This article describes how to install a faucet in your home: from choosing the right fixtures for your project to installing it correctly. However, remember that professional plumbers guarantee their work, so you may consider hiring a professional for this job.
What is a faucet?
A faucet is a plumbing fixture used to dispense hot, cold, or room temperature water through the faucet using a single pipe system. The most common types of faucets are used for bathroom and kitchen sinks, but there are many other types, including bathtub and laundry room faucets.
Prepare for the installation
Ensure you have the right tools, enough time to complete the job, and plenty of space to work in. DIY plumbing projects can commonly be quite stressful, so make sure that you are well equipped from the beginning to minimize any issues.
Also, make sure you have enough light to work by. It can be aggravating not to be able to see what you are doing while you are working.
Before starting any plumbing project, you will want to check your local laws regarding permits and licenses. You will always want to ensure that any upgrades you or a professional perform on your house are appropriately documented and permitted to avoid future issues.
1. Shut the water supply off
Shut the water supply to the building off. Turn both water shut-off valves under your sink clockwise until fully closed. Many faucet valves only take a quarter turn to be closed, so ensure you do not over-tighten it and damage the valve. Turning the valve off will ensure no water can get through while installing your new faucet.
Make sure there is no pressure in the line before beginning this project. If there is pressure, open up the faucet so that air can vent out; then close it again once everything has stopped running through properly.
2. Disconnect the old water lines
Now that the water is turned off to the faucet, you can disconnect its water lines.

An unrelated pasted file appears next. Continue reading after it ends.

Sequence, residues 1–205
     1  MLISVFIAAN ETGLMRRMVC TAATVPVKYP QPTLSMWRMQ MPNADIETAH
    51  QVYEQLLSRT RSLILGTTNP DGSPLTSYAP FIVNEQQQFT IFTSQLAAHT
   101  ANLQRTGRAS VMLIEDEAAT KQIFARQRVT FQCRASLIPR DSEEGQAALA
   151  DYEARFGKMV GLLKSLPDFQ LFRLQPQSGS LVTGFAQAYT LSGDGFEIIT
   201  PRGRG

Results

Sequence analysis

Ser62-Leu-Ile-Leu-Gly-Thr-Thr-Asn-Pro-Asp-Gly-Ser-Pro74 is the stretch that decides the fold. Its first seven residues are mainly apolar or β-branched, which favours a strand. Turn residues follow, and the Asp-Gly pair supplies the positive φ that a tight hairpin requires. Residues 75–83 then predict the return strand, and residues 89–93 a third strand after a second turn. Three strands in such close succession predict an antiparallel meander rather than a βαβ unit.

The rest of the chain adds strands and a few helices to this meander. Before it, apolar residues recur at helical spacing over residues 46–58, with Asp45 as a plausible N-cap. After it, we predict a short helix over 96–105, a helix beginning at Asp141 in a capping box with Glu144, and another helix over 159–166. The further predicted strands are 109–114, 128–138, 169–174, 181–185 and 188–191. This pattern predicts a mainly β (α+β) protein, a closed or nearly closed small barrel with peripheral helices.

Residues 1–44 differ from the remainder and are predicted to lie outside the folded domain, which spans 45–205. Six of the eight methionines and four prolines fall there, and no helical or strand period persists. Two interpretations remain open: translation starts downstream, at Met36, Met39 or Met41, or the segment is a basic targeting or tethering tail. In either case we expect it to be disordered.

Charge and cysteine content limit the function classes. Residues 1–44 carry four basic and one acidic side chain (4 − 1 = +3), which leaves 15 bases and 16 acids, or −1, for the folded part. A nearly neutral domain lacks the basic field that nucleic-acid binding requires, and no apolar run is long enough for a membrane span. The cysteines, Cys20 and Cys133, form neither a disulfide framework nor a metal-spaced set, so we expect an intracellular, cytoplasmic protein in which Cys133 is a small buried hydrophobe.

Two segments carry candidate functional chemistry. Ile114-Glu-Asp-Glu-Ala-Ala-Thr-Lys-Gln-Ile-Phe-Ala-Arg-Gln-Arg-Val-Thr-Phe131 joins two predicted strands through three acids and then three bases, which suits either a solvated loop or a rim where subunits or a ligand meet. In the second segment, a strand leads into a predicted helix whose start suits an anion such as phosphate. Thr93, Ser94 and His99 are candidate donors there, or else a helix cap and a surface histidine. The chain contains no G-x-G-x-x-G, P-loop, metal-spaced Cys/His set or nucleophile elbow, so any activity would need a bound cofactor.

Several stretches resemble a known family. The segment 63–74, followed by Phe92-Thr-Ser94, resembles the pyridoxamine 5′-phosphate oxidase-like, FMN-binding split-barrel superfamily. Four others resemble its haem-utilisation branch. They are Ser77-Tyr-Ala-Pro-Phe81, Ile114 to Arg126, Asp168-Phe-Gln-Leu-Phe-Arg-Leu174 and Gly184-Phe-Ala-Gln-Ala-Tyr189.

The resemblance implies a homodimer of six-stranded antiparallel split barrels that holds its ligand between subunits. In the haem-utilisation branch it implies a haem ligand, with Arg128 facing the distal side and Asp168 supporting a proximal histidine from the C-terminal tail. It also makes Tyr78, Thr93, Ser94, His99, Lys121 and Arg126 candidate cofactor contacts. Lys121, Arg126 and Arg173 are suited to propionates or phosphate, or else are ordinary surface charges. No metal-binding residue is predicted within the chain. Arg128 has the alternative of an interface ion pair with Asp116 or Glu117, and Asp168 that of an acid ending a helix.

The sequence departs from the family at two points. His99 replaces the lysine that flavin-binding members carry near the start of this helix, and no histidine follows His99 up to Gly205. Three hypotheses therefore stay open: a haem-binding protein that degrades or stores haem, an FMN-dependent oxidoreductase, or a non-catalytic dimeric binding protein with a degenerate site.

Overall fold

Use a couple of wrenches to disconnect hoses from the faucet and pull them away from the sink. Disconnect them from the shut-off valve if you need to replace your supply lines. Ensure that you use a wrench to hold the shut-off valve still when removing the supply line. You do not want to break a water line by accident.
3. Unscrew the old faucet
This is where you get to unscrew the old faucet. Most new faucets come with a wrench to make this easy for you, but if you need to buy one, it’s worth it! This application has specific wrenches that will help you get into hard-to-reach places.
Start by loosening the nuts under your countertop that are holding your old faucet in place. You should be able to unscrew the mounting nuts by hand if they aren’t too tight (it’s okay if they are). Older faucets may have corroded and you will need to use your wrench to get them free.
Once all of these are loose, it should feel like nothing is holding your old faucet in place anymore—but don’t rejoice just yet! Be careful not to pull on anything prematurely while trying to remove it. Remember that connections are still attached underneath that need special care when pulled out of place so as not to cause leaks.
4. Remove the old faucet